Secondary: Emails/leads, and social engagement.
|Google Analytics to track traffic, social monitoring tools to measure engagement.|
|Increased Search Traffic (SEO)||SEO is a long-term play. But a link to your site can increase ongoing traffic, even after you’ve finished working with an influencer.||Primary: Search traffic and backlinks to your website.
Secondary: Emails/leads, social and referral traffic.
|Improved search traffic. Total links to your site, measured by domain authority.|
|Improved Return on Ad Spend||By working with influencers, you can improve your return on ad spend by targeting the influencer’s audience.||Primary: Return on ad spend.
Secondary: Social and referral traffic.
|Give influencers exclusive coupon codes. Use affiliate, tracking links, or UTMs.|
|Press||Influencers can help you receive press coverage on your dream publications.||Primary: Press coverage.
Secondary: Referral traffic, and backlinks to your site.
|Use brand monitoring tools to track PR coverage.|
|Brand Equity||By associating your brand with prominent influencers, trust is given from the influencer to your brand.||Primary: Impressions.
Secondary: Influencer’s view of your product, and the audience’s view of the influencer.
|Check social media platforms that give impression estimates.|
Step Three: Find Influencers to Work With.
You know your goals. Now, who are the influencers you should work with?
I recommend starting with a list of 100 influencers. Not every influencer will work with you. They may be pregnant, on vacation, or not interested. Or, they have different goals than you do.
Listen to what Nadav Dakner, CEO of Inbound Junction had to say:
I’ve found the best results come when you treat each relationship as its own.
What are your influencer’s short-term and long-term goals? How can you help her achieve what she wants?
If want to create a win-win relationship, you need to keep her goals in mind as much, if not more, than your own goals.
In this step, your goal is to get a large list of names. Don’t worry about who is on the list. You will learn how to find influencers and qualify them in the next step. For now, focus on quantity, not quality.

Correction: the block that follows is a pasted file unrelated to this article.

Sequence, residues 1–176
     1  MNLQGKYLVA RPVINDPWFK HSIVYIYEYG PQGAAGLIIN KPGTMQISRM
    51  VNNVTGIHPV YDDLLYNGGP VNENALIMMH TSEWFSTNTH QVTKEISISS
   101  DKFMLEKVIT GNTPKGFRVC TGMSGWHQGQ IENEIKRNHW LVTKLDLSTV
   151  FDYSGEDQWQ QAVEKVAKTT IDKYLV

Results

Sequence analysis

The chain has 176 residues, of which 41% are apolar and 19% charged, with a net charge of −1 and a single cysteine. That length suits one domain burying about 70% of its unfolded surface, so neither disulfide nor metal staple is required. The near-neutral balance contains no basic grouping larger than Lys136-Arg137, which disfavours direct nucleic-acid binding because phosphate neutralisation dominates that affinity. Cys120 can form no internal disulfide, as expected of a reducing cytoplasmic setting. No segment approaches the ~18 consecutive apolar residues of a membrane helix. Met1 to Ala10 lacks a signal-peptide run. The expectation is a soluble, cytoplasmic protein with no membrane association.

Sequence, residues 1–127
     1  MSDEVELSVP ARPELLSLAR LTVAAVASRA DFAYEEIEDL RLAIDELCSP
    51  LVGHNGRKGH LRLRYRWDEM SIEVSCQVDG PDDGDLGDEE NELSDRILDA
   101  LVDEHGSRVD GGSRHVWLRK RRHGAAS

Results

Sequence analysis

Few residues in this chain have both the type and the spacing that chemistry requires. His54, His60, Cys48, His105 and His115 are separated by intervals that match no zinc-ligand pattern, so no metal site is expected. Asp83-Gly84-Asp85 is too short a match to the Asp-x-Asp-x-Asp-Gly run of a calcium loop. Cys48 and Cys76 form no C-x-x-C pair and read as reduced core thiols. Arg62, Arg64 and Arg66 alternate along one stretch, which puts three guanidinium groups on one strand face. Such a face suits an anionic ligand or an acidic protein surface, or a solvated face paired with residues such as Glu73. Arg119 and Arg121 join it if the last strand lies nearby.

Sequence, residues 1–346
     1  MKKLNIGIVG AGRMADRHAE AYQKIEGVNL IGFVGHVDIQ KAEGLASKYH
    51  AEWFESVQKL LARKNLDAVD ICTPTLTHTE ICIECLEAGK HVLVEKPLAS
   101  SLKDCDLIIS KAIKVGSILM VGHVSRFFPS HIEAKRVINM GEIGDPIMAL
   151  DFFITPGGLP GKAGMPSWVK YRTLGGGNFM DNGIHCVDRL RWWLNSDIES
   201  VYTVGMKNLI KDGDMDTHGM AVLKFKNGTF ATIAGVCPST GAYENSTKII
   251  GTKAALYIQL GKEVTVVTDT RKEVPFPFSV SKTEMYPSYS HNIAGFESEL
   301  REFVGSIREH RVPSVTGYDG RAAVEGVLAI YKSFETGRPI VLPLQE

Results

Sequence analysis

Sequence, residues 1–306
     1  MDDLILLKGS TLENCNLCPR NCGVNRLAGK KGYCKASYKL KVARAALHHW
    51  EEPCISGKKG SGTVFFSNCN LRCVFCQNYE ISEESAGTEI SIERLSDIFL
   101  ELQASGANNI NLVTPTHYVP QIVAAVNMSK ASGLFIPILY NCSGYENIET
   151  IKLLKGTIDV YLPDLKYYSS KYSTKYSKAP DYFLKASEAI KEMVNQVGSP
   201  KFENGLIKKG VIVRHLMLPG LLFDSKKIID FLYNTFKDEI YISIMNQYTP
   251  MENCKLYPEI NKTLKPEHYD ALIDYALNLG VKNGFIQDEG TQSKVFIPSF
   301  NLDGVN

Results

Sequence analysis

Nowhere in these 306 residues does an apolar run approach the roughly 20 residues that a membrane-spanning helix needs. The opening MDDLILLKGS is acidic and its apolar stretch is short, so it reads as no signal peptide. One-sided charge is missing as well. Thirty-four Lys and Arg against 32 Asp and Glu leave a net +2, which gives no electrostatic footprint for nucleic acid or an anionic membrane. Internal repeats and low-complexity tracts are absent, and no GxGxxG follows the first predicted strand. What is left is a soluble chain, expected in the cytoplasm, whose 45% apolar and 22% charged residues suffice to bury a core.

1. Start by surveying your customers.
Want to know who influences your customers? Start by asking them.
These influencers will have the highest chance of influencing new customers too. Because birds of the same feather, flock together.
2. Brainstorm with your coworkers.
You work in your industry. Who are the people you turn to learn more from? Add these influencers to your list.
3. Use Google.
Many bloggers and journalists have created top lists for you. Simply Google “top [niche] [influencers] to follow on [platform]”.
For example, you could look up “top whole food influencers to follow on Twitter” or “best fashion bloggers to follow”.
4. Watch your campaigns for new influencers.
If you launch an influencer marketing campaign correctly, it’s likely you will create a snowball effect. In other words, if 10 influencers tweet your article, one or two new influencers will also tweet it too.
By using social media monitoring tools, you can find new influencers to work with.
5. Ask for referrals from influencers you know.
This step sounds simple. But many people forget to ask the influencers they know who they recommend.
Step Four: Know Which Influencers to Target, and Why.
Influencers are unique, just like your business. What works to connect with one influencer, may not work for the next influencer.
One influencer may expect to be paid. Another influencer would be offended if you gave them money. And if your values are not aligned, you may severely wreck your brand.
With that in mind, here are three key questions to know the right influencers for your brand to work with:
1. What’s the influencer’s potential impact?